They did it, I thought as I grinned like a dog eyeing a treat. I don’t know how but the ghosts actually did it! It cost them their afterlives, but they erased Doyle from existence!

Then, laughter. Not mine. A form stepped out of the dissipating cloud of smoke. My grin turned to a snarl of disbelief.

Doyle Arcady, in all his werewolf glory, stood before me. He no longer glowed a ghostly blue, for he was now all too alive. The ghosts’ sacrifice had been in vain. Doyle had survived.

* * *

Continue to Part 84.

9/15/13 News: Oh noes! That might not have worked out as planned (or did it?). I’m just back from a week-long vacation today, so if you need me, I’ll be asleep for the next two days.

The Only City Left is listed on the Web Fiction Guide, a wonderful place to find all sorts of online fiction.

If you enjoyed this post, please click the image below to give The Only City Left a vote on Top Web Fiction. (One vote allowed per week.)

Click here to vote for The Only City Left on Top Web Fiction!

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Logo Credit:The TOCL logo is courtesy of Jande Rowe of the webcomic Aedre’s Firefly. If you haven’t already read AF, I encourage you to go check it out. Not only does Jande produce the comic, she reviews other long-form webcomics, gives tips and instructions on creating a comic, and is endlessly supportive of other creators. For a great review that will bring you up to speed on Aedre’s Firefly, check out this page at Webcomic Alliance.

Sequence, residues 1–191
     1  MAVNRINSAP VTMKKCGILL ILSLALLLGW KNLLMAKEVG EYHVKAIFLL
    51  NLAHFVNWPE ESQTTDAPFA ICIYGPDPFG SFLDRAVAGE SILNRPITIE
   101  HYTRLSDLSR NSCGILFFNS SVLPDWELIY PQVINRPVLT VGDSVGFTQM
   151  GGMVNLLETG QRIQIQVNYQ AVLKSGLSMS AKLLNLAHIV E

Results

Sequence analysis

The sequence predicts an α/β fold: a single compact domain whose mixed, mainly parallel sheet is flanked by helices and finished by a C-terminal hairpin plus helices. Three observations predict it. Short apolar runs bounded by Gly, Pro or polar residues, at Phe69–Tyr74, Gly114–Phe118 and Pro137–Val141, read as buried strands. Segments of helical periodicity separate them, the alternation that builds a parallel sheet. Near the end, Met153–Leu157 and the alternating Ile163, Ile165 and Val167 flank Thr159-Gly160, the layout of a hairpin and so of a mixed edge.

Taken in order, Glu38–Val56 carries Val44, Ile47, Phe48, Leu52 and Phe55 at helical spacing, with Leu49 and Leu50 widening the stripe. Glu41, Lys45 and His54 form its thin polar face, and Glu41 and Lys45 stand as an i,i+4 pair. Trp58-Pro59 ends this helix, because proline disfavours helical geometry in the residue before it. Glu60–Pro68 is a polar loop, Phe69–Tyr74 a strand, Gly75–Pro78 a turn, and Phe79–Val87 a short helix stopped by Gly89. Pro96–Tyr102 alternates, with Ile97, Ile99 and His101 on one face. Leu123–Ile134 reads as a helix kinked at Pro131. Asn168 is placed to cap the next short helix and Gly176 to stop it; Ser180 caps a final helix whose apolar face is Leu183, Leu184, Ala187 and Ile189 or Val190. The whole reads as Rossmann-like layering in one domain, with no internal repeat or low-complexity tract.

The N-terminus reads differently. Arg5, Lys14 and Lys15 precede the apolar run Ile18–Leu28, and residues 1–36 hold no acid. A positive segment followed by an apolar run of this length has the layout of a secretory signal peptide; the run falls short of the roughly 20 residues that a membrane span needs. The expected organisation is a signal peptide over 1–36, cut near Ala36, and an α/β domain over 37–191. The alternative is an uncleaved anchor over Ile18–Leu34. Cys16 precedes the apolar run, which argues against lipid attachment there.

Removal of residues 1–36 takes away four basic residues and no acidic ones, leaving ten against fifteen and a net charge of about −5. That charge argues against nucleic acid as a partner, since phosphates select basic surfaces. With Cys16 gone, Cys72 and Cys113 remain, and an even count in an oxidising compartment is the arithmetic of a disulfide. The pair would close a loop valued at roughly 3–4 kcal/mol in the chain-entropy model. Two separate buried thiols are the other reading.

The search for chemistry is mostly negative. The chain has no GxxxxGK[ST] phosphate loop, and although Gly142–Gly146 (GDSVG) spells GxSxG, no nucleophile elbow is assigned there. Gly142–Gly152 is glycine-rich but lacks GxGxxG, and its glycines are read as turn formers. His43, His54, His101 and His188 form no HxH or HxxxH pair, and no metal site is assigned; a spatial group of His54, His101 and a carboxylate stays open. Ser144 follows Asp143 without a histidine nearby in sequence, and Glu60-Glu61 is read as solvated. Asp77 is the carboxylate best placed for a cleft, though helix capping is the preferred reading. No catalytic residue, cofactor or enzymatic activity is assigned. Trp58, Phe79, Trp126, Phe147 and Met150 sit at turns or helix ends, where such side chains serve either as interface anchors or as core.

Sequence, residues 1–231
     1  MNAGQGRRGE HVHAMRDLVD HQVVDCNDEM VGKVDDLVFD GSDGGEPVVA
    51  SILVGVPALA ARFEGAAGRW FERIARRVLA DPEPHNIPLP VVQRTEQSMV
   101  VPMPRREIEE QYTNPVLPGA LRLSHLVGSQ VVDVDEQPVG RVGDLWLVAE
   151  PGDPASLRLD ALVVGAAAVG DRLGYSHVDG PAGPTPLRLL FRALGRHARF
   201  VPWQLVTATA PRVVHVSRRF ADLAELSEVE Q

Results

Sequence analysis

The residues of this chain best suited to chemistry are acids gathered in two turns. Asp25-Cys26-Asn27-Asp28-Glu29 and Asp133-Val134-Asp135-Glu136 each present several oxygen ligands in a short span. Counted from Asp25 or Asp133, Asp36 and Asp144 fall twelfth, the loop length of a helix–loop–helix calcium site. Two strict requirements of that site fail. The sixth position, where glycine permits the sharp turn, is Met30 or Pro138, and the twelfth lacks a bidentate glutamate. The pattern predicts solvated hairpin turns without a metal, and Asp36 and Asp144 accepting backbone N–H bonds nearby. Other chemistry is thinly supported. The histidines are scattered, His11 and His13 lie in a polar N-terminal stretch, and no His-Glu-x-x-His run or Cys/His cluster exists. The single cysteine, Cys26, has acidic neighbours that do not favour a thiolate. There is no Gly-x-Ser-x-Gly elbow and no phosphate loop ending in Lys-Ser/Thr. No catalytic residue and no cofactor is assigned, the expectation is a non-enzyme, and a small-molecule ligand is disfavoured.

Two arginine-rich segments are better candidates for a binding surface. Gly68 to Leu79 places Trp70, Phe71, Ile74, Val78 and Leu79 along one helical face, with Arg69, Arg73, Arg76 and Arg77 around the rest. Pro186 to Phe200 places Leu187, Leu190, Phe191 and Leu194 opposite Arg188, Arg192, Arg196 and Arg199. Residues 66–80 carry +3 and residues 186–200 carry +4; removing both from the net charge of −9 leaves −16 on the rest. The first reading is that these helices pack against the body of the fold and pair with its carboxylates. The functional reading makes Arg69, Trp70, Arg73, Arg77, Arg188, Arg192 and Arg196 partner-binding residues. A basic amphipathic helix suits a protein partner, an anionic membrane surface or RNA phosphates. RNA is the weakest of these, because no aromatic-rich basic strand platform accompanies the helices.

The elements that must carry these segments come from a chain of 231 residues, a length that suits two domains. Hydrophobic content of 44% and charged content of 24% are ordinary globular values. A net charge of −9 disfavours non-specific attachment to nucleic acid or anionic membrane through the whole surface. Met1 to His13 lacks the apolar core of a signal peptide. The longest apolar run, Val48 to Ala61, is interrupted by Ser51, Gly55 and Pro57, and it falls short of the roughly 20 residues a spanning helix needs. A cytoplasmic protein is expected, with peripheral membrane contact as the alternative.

The Only City Left: Part 82

Welcome to my serial science-fiction/fantasy adventure, The Only City Left. This is the story of Allin Arcady and his adventures through a dying, planet-sized city called Earth. (Click here for the Table of Contents.)

At the end of Part 81, Doyle’s attempt to take over Allin’s body failed when all the coils turned off at once. Doyle had a Plan B, though, and it involved a road trip.

The Only City Left: Part 82